Altered budget evokes mixed reactions | The Daily Star
11:00 PM, June 30, 2009 / LAST MODIFIED: 11:00 PM, June 30, 2009

Altered budget evokes mixed reactions

Financial institutions hail corporate tax cuts

The 2009-10 budget proposals amended finally in the Finance Bill have drawn mixed reactions.
The corporate world, particularly the banks and leasing firms, has hailed the move to slash corporate tax rate by 2.5 percentage points to 42.5 percent, but the insurance sector reacted cautiously.
Businesses, market operators and experts asked government to increase supply of securities in line with more investment of untaxed money in the capital market.
Still, correction in the duty structure has not made car importers and mobile phone operators happy. They anticipate slack sales.
The government approved the Finance Bill for FY10 on Monday and the Tk 1,13,819 crore national budget yesterday.
A debate surfaced in different circles soon after the placing of the budget proposals by Finance Minister AMA Muhith in parliament on June 11.
The black money whitening remained the most- talked-about issue for the past three weeks.
Businesses were also divided over such provision. The Federation of Chambers of Commerce and Industry (FBCCI) adopted a promoter's role and other chambers, including the Metropolitan Chamber of Commerce and Industry (MCCI), were opposed to the amnesty to black money holders.
MCCI President Abdul Hafiz Choudhury said such a move would discourage general and honest taxpayers.
“It will increase tax-dodging tendency, as there will be a scope to legalise untaxed money with a flat tax rate of 10 percent,” Choudhury said.
However, he hailed the government at least for cutting the whitening period to one year from three years.
Annisul Huq, president of FBCCI, is rigid on his stand saying that he never favoured whitening of black money; rather legalising undisclosed or untaxed money through investment in the industrial sector.
Huq said the way of disclosure of sources of fund should be made simple to make the move successful.
Black money investment is also welcomed by stock market operators. They stressed new securities to make the market stable.
If huge undisclosed money is injected into the share market and the supply side is not sufficient, an imbalance might be created, said Salahuddin Ahmed Khan, professor of Finance at Dhaka University.
“Due to lock-in system the invested money will be stuck up for two years and it will create an imbalance in the market,” said Khan, also the former chief executive officer of Dhaka Stock Exchange. He however said the modification is much better than what was proposed.
DSE President Rakibur Rahman said the government should offload its stakes in different entities to match the supply-demand side for securities.
“To attract the private sector companies to be listed with bourses, we will organise road shows,” Rahman laid bare his plan.
Banks, insurance, leasing and finance companies have long been demanding a corporate tax cut from the existing 45 percent and the demand was raised afresh this year as incomes of the corporate sector, especially banks, eroded because of the global recession fallout.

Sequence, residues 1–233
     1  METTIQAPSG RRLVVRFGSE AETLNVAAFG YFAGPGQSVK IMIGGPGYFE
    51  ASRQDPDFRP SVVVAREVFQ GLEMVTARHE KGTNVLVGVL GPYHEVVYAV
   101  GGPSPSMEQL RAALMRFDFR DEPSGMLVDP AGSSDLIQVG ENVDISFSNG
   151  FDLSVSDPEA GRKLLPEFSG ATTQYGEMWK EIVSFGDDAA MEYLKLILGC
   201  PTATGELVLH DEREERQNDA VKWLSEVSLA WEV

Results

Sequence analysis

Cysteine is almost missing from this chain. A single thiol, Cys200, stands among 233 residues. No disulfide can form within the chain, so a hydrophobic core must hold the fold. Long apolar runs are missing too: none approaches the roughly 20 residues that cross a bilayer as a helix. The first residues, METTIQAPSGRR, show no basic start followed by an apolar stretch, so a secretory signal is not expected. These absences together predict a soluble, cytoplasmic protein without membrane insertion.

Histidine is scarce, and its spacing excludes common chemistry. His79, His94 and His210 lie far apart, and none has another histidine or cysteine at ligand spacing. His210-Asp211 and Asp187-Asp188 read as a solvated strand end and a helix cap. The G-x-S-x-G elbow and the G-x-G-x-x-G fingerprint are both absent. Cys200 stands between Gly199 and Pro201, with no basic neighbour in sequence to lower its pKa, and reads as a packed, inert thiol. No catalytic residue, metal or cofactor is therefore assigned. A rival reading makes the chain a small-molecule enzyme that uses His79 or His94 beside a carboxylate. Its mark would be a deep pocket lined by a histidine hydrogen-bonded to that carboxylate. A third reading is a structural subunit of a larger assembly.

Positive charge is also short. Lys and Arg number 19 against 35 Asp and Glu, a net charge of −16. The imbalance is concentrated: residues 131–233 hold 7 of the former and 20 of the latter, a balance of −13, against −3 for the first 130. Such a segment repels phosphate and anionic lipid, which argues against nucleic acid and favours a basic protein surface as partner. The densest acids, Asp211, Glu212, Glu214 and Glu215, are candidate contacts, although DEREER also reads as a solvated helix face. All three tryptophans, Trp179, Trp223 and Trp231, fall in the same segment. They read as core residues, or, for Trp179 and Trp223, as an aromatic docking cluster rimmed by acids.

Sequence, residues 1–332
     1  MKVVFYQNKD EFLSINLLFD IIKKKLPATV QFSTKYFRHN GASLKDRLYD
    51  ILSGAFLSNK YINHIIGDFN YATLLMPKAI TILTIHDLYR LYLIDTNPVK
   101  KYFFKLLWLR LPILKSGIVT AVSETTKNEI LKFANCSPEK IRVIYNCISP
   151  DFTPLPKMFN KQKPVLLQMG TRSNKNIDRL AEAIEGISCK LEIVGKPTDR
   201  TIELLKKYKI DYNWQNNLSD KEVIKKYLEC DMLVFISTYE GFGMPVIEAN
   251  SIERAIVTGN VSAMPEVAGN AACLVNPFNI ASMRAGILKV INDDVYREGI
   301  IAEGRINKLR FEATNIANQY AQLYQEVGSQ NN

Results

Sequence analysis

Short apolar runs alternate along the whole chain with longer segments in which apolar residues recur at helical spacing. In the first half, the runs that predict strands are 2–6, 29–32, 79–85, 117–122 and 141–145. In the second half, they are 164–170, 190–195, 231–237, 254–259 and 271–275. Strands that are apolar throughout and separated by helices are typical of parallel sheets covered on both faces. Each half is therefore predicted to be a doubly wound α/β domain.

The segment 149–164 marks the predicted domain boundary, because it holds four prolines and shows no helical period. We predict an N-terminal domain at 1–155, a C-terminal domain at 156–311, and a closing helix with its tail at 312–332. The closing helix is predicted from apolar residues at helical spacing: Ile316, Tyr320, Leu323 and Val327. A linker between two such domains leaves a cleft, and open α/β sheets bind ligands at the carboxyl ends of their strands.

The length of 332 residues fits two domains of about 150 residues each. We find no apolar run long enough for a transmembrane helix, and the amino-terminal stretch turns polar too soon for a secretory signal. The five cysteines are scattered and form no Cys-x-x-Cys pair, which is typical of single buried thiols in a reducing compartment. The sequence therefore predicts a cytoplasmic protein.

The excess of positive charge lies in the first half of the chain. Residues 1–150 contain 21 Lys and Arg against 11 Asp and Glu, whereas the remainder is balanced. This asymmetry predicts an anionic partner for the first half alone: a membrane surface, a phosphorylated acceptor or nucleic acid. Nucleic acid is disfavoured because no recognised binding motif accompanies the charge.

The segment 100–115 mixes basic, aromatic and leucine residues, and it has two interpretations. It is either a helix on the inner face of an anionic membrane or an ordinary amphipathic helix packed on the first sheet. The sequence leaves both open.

“The rate cut will benefit owners and shareholders and help increase banks' net profit,” said M Ehsanul Haque, managing director of Prime Bank.
Mahbub-ur-Rahman, head of corporate banking of HSBC, said the initiative would help implement the central bank's directives, particularly with regard to lending and spread cut ones.
Mafizuddin Sarker, president of Bangladesh Leasing and Finance Companies Association, said now they would be able to pass the rate cut benefit on to the clients. “Lending rate and charges will come down,” Sarker hoped.
But the insurance sector expressed mixed reactions, mainly because of meddling insurance with the banking sector.
“The government usually mix up insurance with the banking sector when it comes to corporate taxes. But this is not fair,” said Nasir A Chowdhury, managing director of Green Delta Insurance.
He criticised the government for not reducing the tax rate on life insurance. “Taxes on life insurance is less than 20 percent in India, but it is 45 percent here.”
Car importers said the correction measures could not stop the downtrend in sales.
The final budget for the fiscal 2009-10 set 30 percent duty on the imports of cars up to 1500 cc. A 45 percent duty was proposed in the budget first. The duty for 1501cc to 2000cc has been set at usual 100 percent, duties on 2001cc to 2750cc and 2750cc to 4000cc remained unchanged to 250 percent and 350 percent respectively. Importers for above 4000cc cars will have to pay 500 percent duty, which was proposed 350 percent.
Microbus importers up to 1800cc will have to pay 20 percent duty, which was 30 percent in the proposed budget. However, hybrid cars up to 2000cc have been kept away from the tax structure.
The changes are nothing but eyewash,” said Habibullah Don, president of Bangladesh Reconditioned Vehicles Importers and Dealers Association (Barvida). According to him, still the duty structures are much higher than those of FY 2008-09.
The mobile industry partially got some relief. The minister reduced mobile set import tax to 12 percent from the proposed 25 percent.
However, the minister did not mention about SIM tax, which means Tk 800 tax on each new mobile connection would remain unchanged.
“The new budget seems to be fairly progressive, but we are disappointed to see that the SIM tax remains unchanged,” said Oddvar Hesjedal, chief executive officer of Grameenphone.

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